Shall I study Japanese, train for a marathon, set up an NGO, join an ashram, or hitch-hike to Timbuktu? If your head is teeming with possibilities and you’re unsure what to do next, stop and do nothing.
Make a cup of tea.
Be inspired by the achievement of Saray N’kusi Khumalo ‘… the first African woman to summit Mount Everest, in support of her cause of promoting access to education for African children.’
“My dream is to go higher and go further for as long as I breathe.
Or Justice Fathima Beevi, India’s first woman Supreme Court judge on breaking the glass ceiling. Although she was keen to study for an MSc in Chemistry, she bowed to her father’s wishes, ‘No, you have to join the law college.’
Or by Anita Corbin, who has spent the past decade in the UK photographing 100 trailblazers. Her interviewees may work in fields a million miles from your own beliefs, values, or aspirations but at some point, each one of them will have faced the question, what shall I do with my life?
Shall I… climb Mount Everest, row solo across the Indian Ocean, motorcycle around the world, take part in Formula One, command a military academy, row the Atlantic, fly with the ‘Black Cats’, become something high up in the Church, or the Police, learn to defuse IEDs, govern a prison, play darts competitively, become a stage and screen flight director, train dogs, write novels, ski solo across Antarctica, become a stand-up comic, a surrogate, an Ultra-Marathon swimmer, a chaplain, a musician, a female beatboxer, a Dame, a Yeoman Warder in the Tower of London, a goldsmith, or president of the Institution of the Structural Engineers?
Each trailblazer that Anita Corbin photographed also ‘happens to be’ a woman. She said of 100 Portraits
I wanted to celebrate the impact women have had on society over the last 100 years.
Her project is the source of the quotes, below, such as Elspeth Beard, who aged 23 years, became the first woman to motorcycle around the world:
I’m not saying go to the Sahara on your first outing, but take small, regular steps over your edges. Most people can do extraordinary things when life pushes them to it. It’s about learning how to push yourself.
You have to handle kneeling on the tarmac in the pit as an F1 car comes at you at 60mph trusting that they will stop.
We go into schools and the girls start out saying ‘I want to be a dancer/hairdresser’ and by the end, after being inside a helicopter and meeting our winch-woman they realise what else is actually on offer to every single one of them.
What’s the strangest thing I’ve ever thought before walking towards a potentially hazardous item? ‘What shall I have for dinner?’ It helps me stay connected to the norm.
… why should I laugh it off’? It wasn’t funny. It wasn’t me that had a problem, it was the contractor.
The phrase, ‘well, we have never done it like that before…’ is ridiculous. Let’s change a rule if it doesn’t work.
Championship prize money for men’s darts is 100k. For women, it’s 12k. I often play then go and work a ten-hour shift. To be a female Darts player in this world you have to really love the sport.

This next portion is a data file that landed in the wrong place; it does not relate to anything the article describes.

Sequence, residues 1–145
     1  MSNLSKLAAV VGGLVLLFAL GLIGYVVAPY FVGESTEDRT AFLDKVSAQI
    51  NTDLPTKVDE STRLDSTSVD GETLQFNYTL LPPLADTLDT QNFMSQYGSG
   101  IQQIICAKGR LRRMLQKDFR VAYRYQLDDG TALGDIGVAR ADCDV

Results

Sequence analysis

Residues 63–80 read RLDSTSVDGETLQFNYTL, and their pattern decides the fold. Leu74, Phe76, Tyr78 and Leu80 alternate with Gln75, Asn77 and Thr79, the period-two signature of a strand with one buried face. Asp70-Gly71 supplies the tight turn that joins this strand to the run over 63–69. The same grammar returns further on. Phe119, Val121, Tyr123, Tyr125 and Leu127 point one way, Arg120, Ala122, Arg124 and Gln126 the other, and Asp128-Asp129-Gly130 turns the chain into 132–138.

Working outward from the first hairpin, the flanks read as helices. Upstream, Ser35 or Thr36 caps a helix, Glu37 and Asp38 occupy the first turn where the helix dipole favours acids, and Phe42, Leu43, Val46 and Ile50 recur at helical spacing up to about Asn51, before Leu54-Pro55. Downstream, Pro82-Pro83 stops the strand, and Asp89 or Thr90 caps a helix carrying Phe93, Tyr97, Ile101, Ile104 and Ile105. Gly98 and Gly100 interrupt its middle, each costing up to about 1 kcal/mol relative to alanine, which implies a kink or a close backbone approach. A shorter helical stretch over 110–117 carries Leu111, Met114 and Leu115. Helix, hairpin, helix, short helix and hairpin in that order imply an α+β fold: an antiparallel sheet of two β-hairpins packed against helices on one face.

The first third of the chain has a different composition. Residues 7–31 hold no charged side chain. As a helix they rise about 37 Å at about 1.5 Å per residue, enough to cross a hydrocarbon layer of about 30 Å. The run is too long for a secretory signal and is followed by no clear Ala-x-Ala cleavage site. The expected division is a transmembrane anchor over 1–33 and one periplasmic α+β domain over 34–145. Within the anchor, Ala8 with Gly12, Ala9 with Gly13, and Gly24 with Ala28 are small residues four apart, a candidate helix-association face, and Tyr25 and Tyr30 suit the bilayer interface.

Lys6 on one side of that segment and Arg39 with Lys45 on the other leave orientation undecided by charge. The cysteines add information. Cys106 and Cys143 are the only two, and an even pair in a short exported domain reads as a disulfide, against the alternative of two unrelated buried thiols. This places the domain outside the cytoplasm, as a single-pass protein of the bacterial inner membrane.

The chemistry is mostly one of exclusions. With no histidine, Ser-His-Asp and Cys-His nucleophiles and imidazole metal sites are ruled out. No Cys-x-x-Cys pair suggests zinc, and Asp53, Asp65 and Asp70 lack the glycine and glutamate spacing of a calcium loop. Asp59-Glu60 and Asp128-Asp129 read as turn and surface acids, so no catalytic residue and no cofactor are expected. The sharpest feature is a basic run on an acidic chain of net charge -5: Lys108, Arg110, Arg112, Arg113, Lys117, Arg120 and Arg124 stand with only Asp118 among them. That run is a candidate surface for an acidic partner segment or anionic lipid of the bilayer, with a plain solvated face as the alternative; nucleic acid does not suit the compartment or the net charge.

I trained as a dancer for 15 years, so I bring an embodied aspect to all I do.
Take a risk – it’s likely it will turn out well.
Follow your gut and you’ll have no regrets and blame nobody.
‘You ride twenty-five ponies over 1000km… I often respond to any sexism with – ‘have you ever considered that you had a 50% chance of being a woman?’’
The work that you do in your 20’s that doesn’t seem to pay off may in fact realise itself as much as 30 years later.
‘Imagine; walking through a storm – a total white-out, you know there’s a crevasse nearby, help isn’t anywhere close. Half your brain is in terror… and the other half is going, ‘wow! Look at this!! I’m in Antarctica … and I’m a polar explorer – woo hoo!’
It was something I wanted, regardless of being female.
Do a job you love.
My body’s job is to endure in 7-degree water. And I absolutely relish feeling its strength and capabilities.
I have been asked to do things that fill me with trepidation but there is also a curiosity – can I do this…? And I say to myself – ‘yes! Rose, you can do this! You go girl!’
When I was a kid, I saw Elvis on TV in Detroit and thought, “I will be like him.”
What could every woman learn from a man? How to grow a beard.
I always keep more than one thing on the boil. Failures don’t crush you so easily and it’s easier to let something go if you have other projects to immediately shift your focus onto.
‘I was surprised that no woman had attempted to row the Indian Ocean before me.’
I saw it as very freeing to have no one to have to live up to.
‘…no, make your own tea… I’ll make it next time.’
(First woman president of the Institution of Structural Engineers)
Gender Studies degree programmes
Justice Fathima Beevi: In 1949 she made history as the first woman to top the bar council exam and win the bar council gold medal, and in this filmed interview ‘reflects on the lack of gender diversity in the judiciary and her journey to the top’.
Law: first 100 years
‘In 2019 the project will mark the centenary of the Sex Disqualification (Removal) Act 1919 which paved the way for women to become lawyers for the first time.’